Why is a honeymoon..called a honeymoon?

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Why is a honeymoon..called a honeymoon?

Post by Charlenec09 on Tue Jul 23, 2013 5:40 pm

Why is it called like that? Why honey? Why moon? Does it involve somehow in this honeymoon thing? Please Help!

Charlenec09

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Re: Why is a honeymoon..called a honeymoon?

Post by Charlenec09 on Tue Jul 23, 2013 5:40 pm

Here is an article I found about it:

Like all histories, the history of how honeymoons became to be, is varied depending on geographical location. The post wedding vacation that we have come to know as the honeymoon, was not always such. Many sources say that the history lies somewhere in Northern Europe, where for a month’s time, the newly married couple would drink a wine, known as mead, which was made from fermented honey. This is where part of the term, honey, comes from. A month’s time during this period was also referred to as a moon, hence the term, honeymoon.

Later during the bride-by-capture era, we first relate honeymoons with travel. Grooms would abduct their brides for a period of one month and take them into hiding. Friends and family assured their safe return. However, it was imperative no one should find them during this period. Very often the family of the bride would go out looking for her to bring home. It was the husband’s hope that within one month’s time his bride would be pregnant and would be before the bride’s family located her.

It was not until the 16th century and later in the Victorian era, that the honeymoon became the romantic trip that it is known for today. During Victorian times, the bride and groom were kept separated during the engagement and the honeymoon was the first time the couple was allowed to go away together and get to know each other.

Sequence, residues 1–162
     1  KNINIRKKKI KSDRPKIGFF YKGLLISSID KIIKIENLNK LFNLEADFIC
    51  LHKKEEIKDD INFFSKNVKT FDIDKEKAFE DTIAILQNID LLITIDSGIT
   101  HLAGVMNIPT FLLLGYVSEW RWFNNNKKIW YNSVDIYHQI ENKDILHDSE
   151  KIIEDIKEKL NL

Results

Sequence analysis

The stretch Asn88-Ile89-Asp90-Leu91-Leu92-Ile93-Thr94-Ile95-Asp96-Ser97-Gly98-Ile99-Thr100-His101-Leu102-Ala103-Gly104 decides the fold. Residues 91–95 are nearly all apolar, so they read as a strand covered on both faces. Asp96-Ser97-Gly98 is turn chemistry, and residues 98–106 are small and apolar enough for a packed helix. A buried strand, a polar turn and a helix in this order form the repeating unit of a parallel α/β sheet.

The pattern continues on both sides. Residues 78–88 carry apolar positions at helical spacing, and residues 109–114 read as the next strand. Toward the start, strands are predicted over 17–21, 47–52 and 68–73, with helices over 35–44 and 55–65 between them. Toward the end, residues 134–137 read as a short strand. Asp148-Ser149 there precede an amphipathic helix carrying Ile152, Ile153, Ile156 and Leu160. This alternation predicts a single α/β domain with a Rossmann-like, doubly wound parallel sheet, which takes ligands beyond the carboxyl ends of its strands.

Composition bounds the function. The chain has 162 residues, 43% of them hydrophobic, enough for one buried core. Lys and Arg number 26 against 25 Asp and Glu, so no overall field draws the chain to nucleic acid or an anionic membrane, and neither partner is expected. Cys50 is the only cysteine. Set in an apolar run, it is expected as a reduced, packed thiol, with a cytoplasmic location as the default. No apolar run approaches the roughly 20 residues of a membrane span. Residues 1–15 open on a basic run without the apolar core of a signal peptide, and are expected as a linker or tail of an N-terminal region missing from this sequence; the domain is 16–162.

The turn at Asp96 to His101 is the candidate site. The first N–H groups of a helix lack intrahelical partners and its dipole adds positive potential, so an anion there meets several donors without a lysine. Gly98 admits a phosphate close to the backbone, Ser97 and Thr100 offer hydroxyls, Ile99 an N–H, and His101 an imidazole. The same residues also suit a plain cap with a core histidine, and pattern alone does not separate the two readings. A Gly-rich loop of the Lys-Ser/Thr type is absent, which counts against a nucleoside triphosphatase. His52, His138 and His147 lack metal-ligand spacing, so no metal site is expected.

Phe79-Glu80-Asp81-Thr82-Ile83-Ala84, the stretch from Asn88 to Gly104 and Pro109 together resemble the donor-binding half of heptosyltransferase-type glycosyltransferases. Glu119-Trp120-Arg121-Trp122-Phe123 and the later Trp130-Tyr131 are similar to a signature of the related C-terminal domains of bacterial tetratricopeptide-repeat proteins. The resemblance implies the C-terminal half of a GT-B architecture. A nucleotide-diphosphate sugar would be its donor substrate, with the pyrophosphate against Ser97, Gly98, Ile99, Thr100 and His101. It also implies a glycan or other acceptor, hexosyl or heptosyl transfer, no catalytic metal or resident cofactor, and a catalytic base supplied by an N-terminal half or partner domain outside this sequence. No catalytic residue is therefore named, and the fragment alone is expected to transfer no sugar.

During the 19th century, in the Victorian era, bridal tours were introduced and paid for by the groom’s family. The couple would go on tour or take a wedding trip which lasted anywhere from several weeks to several months. With the rise of industrialization, the middle class sought to emulate the upper class bridal tours, and took small trips which lasted a few days after the wedding. Once automobiles, trains and airplanes became mainstream couples were able to increase the distance of the honeymoon trip and seek out exotic locations, hence the modern day honeymoon was born.

According to tradition, the groom or groom’s family should plan the honeymoon, since the bride and her family have planned the majority of the wedding. Where to go on a honeymoon should be a joint decision by the couple, but the groom or groom’s family should handle the arrangements to help alleviate the stress from the bride’s family. Of course though, this is only tradition, and may of today’s modern couples handle the honeymoon planning

and here is another article


Today, the tradition of a honeymoon following nuptials has, long way from its original meaning. Today's "happy ending" to the wedding event is a far cry from its much different beginnings. The word honeymoon has its roots in the Norse word "hjunottsmanathr" which was anything but blissful. Northern European history describes the abduction of a bride from neighboring village. It was imperative, that the abductor, the husband to be, take his bride to be into hiding for period of time. His friends assured his and her safe keeping and kept their whereabouts unknown. Once the bride's family gave up their search, the bride groom returned to his people. This folkloric explanation presumably is the origin of today's honeymoon, for its original meaning meant hiding.

The Scandinavian word for honeymoon is derived, in part, from an ancient Northern European custom in which newlyweds, for the first month of their married life, drank a daily cup of honeyed wine called mead. The ancient practices of kidnaping of bride and drinking the honeyed wine date back to the history of Atilla, king of the Asiatic Huns from A.D. 433 to A.D. 453.

So that leaves us with the question of where the "moon" in the word "honeymoon" originates. One piece of folklore relates that the origin of the word moon comes from a cynical inference. To the Northern Europeans the terms referred to the body's monthly cycle and, its combination with honey, suggested that not all moon's of married life were as sweet as the first. British prose writers and poets, in the 16th and 17th centuries, often made use of the Nordic interpretation of honeymoon as a waxing and waning of marital affection.

As it is with many of our wedding customs, this one also has an alternative explanation of its origin. The term "honeymoon," we are told, comes from an old northern European custom in which newlyweds would, for a month, consume a daily cup of mead, a brew that is made from honey.

Certainly we have, long way and there is a vast difference between the original meaning of honeymoon and its present-day connotation. The newer version is, of course, the more pleasant one!

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